See Credit Details Below
Globalization has enabled national governments to expand the scope of their traditionally political and diplomatic activities into the commercial sphere. As a result of such phenomena as state-controlled enterprises playing major roles in the international energy or financial sectors, legal systems across the globe have increasingly recognized that where foreign governments act as private entities, they should be treated as such to at least some extent in the event of subsequent litigation. In the United States, litigation against foreign governments and government-controlled entities is governed by the 1976 Foreign Sovereign Immunities Act (FSIA), which presumptively immunizes foreign governments from claims in U.S. courts absent specified exceptions to this immunity (which will allow such claims to proceed).
Very significantly, the FSIA does not just focus on problems arising from commercial activities. It has consequently formed the basis for a fluid jurisprudence with which even transactional attorneys should be familiar so as to know what to expect should a transaction with a foreign government enterprise result in litigation. These disputes have implicated the reclamation of property lost during the Holocaust, litigation against the Holy See arising from clerical abuse allegations, foreign government expropriations of property, and litigation against U.S. government-designated state sponsors of terrorism (e.g., Iran). The statute thus touches upon other areas of law ranging from torts and maritime issues to national security matters.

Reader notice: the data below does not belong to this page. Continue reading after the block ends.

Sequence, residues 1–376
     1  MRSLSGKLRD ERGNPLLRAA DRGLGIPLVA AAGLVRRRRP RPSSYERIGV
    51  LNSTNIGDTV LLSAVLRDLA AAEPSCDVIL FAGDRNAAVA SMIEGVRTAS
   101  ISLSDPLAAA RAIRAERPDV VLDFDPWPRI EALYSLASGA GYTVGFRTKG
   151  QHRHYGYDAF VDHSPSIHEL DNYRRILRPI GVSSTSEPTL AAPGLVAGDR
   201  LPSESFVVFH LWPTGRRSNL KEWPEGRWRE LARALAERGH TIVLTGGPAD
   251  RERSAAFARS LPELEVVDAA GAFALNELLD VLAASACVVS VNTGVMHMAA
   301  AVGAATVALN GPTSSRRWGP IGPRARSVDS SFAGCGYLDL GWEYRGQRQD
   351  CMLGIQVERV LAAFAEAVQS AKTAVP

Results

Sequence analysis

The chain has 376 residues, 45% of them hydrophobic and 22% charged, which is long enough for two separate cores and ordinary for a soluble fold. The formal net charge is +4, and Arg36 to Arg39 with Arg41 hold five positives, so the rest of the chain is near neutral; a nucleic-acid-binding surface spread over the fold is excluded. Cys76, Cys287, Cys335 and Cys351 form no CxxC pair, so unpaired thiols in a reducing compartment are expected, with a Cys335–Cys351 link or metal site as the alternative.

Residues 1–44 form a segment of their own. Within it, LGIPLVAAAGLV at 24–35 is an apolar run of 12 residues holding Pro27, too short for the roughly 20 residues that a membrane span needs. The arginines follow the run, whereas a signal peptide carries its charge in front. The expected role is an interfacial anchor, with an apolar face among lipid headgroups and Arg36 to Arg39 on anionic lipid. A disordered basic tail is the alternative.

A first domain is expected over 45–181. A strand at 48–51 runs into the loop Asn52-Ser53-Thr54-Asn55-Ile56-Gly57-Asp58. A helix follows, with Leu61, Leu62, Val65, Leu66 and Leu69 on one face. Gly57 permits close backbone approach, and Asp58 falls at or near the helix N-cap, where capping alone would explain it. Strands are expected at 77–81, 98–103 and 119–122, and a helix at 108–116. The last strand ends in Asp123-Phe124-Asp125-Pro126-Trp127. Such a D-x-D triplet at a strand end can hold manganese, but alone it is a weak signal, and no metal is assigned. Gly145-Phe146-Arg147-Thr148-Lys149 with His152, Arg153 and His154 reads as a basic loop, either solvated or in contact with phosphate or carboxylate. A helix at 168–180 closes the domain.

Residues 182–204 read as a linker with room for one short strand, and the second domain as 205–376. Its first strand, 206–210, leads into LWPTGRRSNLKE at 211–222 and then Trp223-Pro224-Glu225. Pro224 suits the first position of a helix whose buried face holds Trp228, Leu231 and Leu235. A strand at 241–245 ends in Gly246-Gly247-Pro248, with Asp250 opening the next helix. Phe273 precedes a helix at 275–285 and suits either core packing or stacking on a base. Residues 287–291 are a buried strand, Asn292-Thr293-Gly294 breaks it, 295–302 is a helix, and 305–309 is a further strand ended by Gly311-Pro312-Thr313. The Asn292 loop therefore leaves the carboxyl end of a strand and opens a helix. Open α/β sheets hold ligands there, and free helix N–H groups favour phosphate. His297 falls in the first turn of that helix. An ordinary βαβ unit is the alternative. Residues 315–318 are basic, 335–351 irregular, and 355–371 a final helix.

In this second part of a two-part webcast, Ernesto J. Sanchez, author of The Foreign Sovereign Immunities Act Deskbook, will discuss:
- Proper courts in which to sue a foreign sovereign
- Service of process and the establishment of personal jurisdiction
- Liability, damages, and enforcing judgments under the FSIA
Note: Listeners that are completely unfamiliar with the FSIA are advised to listen to Part 1 of the webcast where Mr. Sanchez described the jurisdictional aspects of FSIA litigation before listening to Part 2 (which builds upon the knowledge gained in Part 1).